Feb 21, 2013

Oblivious in 1965

from www.colorlines.com

I was still in high school when the Voting Rights Act of 1965 was passed.  I am quite sure it did not enter my privileged consciousness in any profound way –and neither did the Civil Rights Act which was signed into law by President Johnson in 1964.

As it turns out. in order to insure the passage of these two bills, Johnson used all of the considerable tool case he had acquired in the Senate, knowing all the while that he was giving up the South for the Democrats for the foreseeable future.

Ironically, Johnson had been “re”-elected in 1964 by Republican widows who owned stock in electric companies — owing to his having been involved in the concept of wheeling power across grids to prevent blackouts and use electricity to maximum advantage.    In July of 1964, Johnson asked Congress for $45.5 million in order to link the Pacific Coast and the Southwest in a massive power-sharing grid.  Republican widows everywhere took notice.

Back on topic.  The Voting Rights Act was passed by Congress on August 5, 1964 and Johnson signed it into law the next day.  It was again powered by Johnson’s adroit political skill and underscored by the public revulsion at the recent violence in Selma, Alabama.  The Voting Rights Act enforced the fifteenth amendment to the constitution, some 95 years after it had been passed.

“Because the Voting Rights Act of 1965 was the most significant statutory change in the relationship between the Federal and state governments in the area of voting since the Reconstruction period following the Civil War, it was immediately challenged in the courts. Between 1965 and 1969, the Supreme Court issued several key decisions upholding the constitutionality of Section 5 and affirming the broad range of voting practices for which preclearance was required. [See South Carolina v. Katzenbach, 383 U.S. 301, 327-28 (1966) and Allen v. State Board of Elections, 393 U.S. 544 (1969)]

The law had an immediate impact. By the end of 1965, a quarter of a million new black voters had been registered, one-third by Federal examiners. By the end of 1966, only 4 out of the 13 southern states had fewer than 50 percent of African Americans registered to vote. The Voting Rights Act of 1965 was readopted and strengthened in 1970, 1975, and 1982.” (from www.ourdocuments.gov)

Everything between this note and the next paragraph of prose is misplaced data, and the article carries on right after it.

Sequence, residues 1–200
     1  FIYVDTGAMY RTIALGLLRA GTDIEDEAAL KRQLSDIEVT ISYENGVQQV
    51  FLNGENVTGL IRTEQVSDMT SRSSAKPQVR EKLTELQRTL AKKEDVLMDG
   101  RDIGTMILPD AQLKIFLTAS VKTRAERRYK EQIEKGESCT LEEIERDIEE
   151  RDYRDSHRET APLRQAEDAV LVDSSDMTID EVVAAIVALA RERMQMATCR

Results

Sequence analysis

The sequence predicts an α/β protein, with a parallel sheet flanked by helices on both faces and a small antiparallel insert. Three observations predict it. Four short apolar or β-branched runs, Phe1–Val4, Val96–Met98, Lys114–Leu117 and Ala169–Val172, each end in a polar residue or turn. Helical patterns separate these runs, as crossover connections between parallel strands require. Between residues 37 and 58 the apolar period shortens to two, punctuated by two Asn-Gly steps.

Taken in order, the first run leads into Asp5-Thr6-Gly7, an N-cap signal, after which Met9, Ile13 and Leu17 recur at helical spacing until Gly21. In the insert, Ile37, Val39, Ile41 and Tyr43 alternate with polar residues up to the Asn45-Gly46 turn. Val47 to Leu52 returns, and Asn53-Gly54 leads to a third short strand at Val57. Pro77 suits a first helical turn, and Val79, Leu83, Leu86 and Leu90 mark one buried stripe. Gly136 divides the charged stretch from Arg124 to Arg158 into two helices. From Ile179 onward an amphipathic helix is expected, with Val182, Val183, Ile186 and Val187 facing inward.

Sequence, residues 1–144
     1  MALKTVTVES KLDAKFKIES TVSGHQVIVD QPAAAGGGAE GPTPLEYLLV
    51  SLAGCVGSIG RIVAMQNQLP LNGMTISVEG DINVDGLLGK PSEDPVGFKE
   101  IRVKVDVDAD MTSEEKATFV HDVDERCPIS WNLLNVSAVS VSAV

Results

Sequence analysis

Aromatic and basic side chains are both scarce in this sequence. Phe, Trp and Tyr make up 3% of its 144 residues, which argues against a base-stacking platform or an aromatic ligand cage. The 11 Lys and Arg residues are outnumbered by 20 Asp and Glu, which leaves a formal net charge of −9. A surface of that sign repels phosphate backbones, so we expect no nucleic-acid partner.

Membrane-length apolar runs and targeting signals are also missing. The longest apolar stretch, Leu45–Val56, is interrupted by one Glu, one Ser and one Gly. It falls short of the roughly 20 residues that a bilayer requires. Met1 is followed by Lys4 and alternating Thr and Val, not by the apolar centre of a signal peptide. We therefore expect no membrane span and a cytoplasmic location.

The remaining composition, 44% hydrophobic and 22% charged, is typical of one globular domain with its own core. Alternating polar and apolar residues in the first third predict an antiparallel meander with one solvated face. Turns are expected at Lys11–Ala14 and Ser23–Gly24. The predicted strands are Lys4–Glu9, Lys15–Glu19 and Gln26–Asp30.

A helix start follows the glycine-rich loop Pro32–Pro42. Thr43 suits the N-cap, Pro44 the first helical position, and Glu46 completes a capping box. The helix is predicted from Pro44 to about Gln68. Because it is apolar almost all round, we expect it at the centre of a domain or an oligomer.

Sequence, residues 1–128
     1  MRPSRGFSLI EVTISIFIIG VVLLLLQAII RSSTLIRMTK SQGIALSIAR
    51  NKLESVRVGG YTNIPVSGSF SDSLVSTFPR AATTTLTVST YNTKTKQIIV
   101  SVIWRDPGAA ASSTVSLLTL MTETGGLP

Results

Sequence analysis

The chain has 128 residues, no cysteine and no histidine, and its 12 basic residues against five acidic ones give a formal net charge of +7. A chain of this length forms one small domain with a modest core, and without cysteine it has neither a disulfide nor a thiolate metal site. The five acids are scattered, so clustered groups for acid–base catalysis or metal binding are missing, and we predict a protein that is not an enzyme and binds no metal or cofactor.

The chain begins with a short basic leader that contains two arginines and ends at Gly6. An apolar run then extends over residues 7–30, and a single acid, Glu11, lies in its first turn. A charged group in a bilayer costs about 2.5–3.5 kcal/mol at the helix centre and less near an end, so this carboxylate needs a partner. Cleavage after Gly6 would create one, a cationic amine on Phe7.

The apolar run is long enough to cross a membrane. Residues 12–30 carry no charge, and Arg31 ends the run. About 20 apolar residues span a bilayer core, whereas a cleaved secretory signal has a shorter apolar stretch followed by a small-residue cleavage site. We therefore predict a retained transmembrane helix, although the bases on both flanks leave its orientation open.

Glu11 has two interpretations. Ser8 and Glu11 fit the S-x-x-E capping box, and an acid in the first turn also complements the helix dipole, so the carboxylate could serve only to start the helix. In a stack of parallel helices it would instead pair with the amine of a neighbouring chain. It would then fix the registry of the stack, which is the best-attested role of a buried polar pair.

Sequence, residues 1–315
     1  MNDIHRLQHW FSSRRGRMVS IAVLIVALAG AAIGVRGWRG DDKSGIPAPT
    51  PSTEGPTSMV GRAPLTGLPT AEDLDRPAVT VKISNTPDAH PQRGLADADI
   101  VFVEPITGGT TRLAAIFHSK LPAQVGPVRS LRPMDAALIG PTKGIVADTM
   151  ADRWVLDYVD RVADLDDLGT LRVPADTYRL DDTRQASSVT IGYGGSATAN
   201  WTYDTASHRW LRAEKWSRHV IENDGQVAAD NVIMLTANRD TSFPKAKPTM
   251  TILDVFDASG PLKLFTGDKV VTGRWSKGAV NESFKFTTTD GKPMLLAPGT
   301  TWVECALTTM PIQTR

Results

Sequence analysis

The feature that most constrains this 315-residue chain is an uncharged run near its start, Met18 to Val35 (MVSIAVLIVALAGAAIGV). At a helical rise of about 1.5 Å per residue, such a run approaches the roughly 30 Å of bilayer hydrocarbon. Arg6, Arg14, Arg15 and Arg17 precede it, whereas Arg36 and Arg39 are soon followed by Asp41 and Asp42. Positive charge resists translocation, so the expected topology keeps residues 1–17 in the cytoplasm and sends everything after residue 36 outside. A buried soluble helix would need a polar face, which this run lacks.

I only learned these things when I was in college and afterwards:   it horrifies me to think that Republicans in this country are now trying to undermine the critical accomplishment of the Voting Rights Act, through both gerrymandering (something I learned about in high school, but with no “real world” examples) and “voter I.D.” laws.

The right to vote is a core value of this country (no taxation without representation) and the republican legislatures which are trying to modify its power are hoping no one will notice.  A lot of this went on before the 2012 election, and it will only get worse in 2014 if Americans everywhere don’t realize that with regard to some of our most basic rights, this country is now way off the mark.

I was oblivious in 1965.  But no longer.

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Gloria. Circa 1955.

Gloria. Circa 2012.

Other than working for the American Red Cross in Korea for two years, Gloria Garvey has lived in Hawai`i since 1971. Her opinion and other writing has appeared in: The American Philatelist. Honolulu Weekly, The Honolulu Advertiser, The Honolulu Star Bulletin, The Star Advertiser, Hawai`i Reporter, Pacific Business News, Island Scene, The Design Management Journal.

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